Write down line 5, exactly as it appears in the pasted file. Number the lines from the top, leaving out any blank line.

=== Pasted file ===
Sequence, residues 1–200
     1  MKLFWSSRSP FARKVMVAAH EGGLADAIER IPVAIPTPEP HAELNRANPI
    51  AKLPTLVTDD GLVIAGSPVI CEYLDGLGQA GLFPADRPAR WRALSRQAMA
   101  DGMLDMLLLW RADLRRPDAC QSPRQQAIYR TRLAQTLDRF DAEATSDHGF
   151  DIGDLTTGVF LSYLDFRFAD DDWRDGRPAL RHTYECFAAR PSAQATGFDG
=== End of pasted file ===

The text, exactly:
   151  DIGDLTTGVF LSYLDFRFAD DDWRDGRPAL RHTYECFAAR PSAQATGFDG